The Women’s March on Washington

A demonstrator at the Women's March in Washington, D.C.
A demonstrator at the Women's March in Washington, D.C.

One of the protesters at the Women's March on Washington. Marches and rallies were held in cities across the country and around the world.

More than 500,000 people participated in the Women’s March on Washington on January 21, a day after the presidential inauguration of Donald Trump.

The idea for the march took hold on social media after Trump’s victory in the November election. Many women expressed concern about controversial statements that Trump had made during the campaign about women, immigrants, Muslims, and others, and wanted to make their voices heard.

More than 200 groups, including the NAACP and Amnesty International, participated in the march in Washington, D.C. Women, men, and children flooded the Metro system, then made their way to the streets surrounding the White House. Similar marches were held in cities across the country and around the world to form one of the largest collective protests in history.



In Washington, D.C., several kids marched with their parents, holding signs and chanting. Hazel Merritt, 8, from Tacoma Park, Maryland, said that she was marching “because I am a girl, and I like having women’s rights.”

Hazel was waving two signs. One read: “A woman’s body is her temple.” She said that she had found it on the side of the street.

Hugo Bowers, 12, from Annapolis, Maryland, held a sign that read: “Make America Think Again.” This was a parody of President Trump’s campaign slogan: “Make America Great Again.”

Crowds at the start of the March at Independence Avenue

A throng of people on Independence Avenue, where the march started. Many marchers wore pink knitted caps.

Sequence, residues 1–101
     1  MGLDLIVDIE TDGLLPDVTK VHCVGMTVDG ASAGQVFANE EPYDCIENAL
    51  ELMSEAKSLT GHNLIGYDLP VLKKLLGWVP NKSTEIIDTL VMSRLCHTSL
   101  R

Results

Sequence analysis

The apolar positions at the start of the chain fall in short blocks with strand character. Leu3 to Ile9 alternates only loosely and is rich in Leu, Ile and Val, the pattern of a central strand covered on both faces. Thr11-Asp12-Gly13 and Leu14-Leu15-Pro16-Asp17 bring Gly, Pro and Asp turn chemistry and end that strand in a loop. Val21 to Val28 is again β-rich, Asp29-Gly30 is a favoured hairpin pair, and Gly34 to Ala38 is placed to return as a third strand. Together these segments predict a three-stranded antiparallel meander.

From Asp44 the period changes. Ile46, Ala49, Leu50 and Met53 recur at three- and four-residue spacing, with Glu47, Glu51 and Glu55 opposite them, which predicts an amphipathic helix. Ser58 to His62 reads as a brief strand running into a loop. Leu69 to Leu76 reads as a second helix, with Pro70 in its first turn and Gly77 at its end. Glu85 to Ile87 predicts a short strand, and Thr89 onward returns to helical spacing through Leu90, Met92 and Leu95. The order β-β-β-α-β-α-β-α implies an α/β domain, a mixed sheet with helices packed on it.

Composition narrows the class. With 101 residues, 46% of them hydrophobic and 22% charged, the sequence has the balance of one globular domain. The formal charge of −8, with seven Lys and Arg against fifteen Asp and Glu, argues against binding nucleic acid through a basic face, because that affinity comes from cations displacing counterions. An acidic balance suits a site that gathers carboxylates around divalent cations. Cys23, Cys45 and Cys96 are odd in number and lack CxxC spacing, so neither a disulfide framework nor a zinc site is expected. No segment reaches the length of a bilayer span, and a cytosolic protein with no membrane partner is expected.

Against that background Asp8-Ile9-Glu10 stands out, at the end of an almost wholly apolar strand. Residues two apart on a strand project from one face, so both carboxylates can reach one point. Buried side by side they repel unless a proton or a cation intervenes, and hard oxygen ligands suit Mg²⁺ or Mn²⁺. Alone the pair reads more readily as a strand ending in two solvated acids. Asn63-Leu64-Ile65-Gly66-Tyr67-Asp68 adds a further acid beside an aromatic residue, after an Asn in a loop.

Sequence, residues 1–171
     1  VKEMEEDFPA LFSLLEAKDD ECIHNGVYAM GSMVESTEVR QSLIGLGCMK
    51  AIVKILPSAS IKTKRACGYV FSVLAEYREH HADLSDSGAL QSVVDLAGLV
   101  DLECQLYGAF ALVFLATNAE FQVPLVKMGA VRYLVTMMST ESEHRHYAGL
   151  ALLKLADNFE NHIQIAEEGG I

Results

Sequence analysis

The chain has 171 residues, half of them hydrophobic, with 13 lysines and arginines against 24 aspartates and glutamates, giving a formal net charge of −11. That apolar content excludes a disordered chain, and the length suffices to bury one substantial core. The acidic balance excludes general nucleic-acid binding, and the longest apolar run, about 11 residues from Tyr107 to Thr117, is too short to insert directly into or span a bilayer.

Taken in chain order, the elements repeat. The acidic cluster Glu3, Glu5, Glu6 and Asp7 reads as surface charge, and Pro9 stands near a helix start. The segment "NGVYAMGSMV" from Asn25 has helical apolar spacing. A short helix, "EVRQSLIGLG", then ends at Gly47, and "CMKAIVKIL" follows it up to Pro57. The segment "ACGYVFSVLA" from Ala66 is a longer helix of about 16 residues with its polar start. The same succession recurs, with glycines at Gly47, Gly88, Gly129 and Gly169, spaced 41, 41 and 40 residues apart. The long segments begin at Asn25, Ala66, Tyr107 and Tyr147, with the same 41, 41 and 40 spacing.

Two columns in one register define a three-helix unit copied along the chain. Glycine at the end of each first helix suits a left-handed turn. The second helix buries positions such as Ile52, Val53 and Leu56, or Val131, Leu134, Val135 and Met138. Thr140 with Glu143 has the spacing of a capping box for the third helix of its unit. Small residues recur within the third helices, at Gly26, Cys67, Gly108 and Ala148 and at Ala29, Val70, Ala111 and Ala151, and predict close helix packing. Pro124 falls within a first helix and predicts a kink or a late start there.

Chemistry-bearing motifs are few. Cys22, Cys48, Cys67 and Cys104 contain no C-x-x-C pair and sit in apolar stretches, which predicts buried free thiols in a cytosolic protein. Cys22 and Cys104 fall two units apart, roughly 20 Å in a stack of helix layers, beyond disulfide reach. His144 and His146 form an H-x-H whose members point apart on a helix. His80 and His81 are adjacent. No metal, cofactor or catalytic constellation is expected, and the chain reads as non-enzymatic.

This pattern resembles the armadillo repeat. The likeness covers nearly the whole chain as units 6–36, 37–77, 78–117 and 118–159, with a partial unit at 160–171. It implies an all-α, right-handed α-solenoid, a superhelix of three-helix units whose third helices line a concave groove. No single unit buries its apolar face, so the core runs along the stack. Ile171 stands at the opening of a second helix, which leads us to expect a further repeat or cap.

Other protest signs included “Protect Black Women,” “Women’s Rights Are Human Rights,” and “Rebellions Are Built on HOPE.” The “H” resembled Hillary Clinton’s campaign logo. The “O” was similar to Barack Obama’s logo when he ran for president.

Clinton, a Democrat, ran unsuccessfully against Trump in the presidential race. While she won more popular votes than the Republican, she lost the Electoral College vote, which determines the outcome of presidential elections.



Six-year-old Nuala Eggleton came all the way from San Diego, California, to march with her family.

A family at the start of the March

A family at the start of the march

Like Nuala, many kids traveled long distances and braved long lines in order to participate in the march. Not everyone expressed concern about Trump’s victory. Isabella Ferris, 13, from Orange County, California, was with her mom, who sported a Trump hat. Isabella wore an inauguration button on her jacket.

“It was pretty scary out there,” Isabella said about the march. “We were like stuck in the middle of everything.”

Despite the huge number of participants, the march was overwhelmingly peaceful. There were no arrests.

“I’m not here out of anger or fear,” protester Darcy Sawatzki told NPR. “I’m out here for determination, for participation, and hope that together we can make a difference.”


Photos by Elizabeth Ennis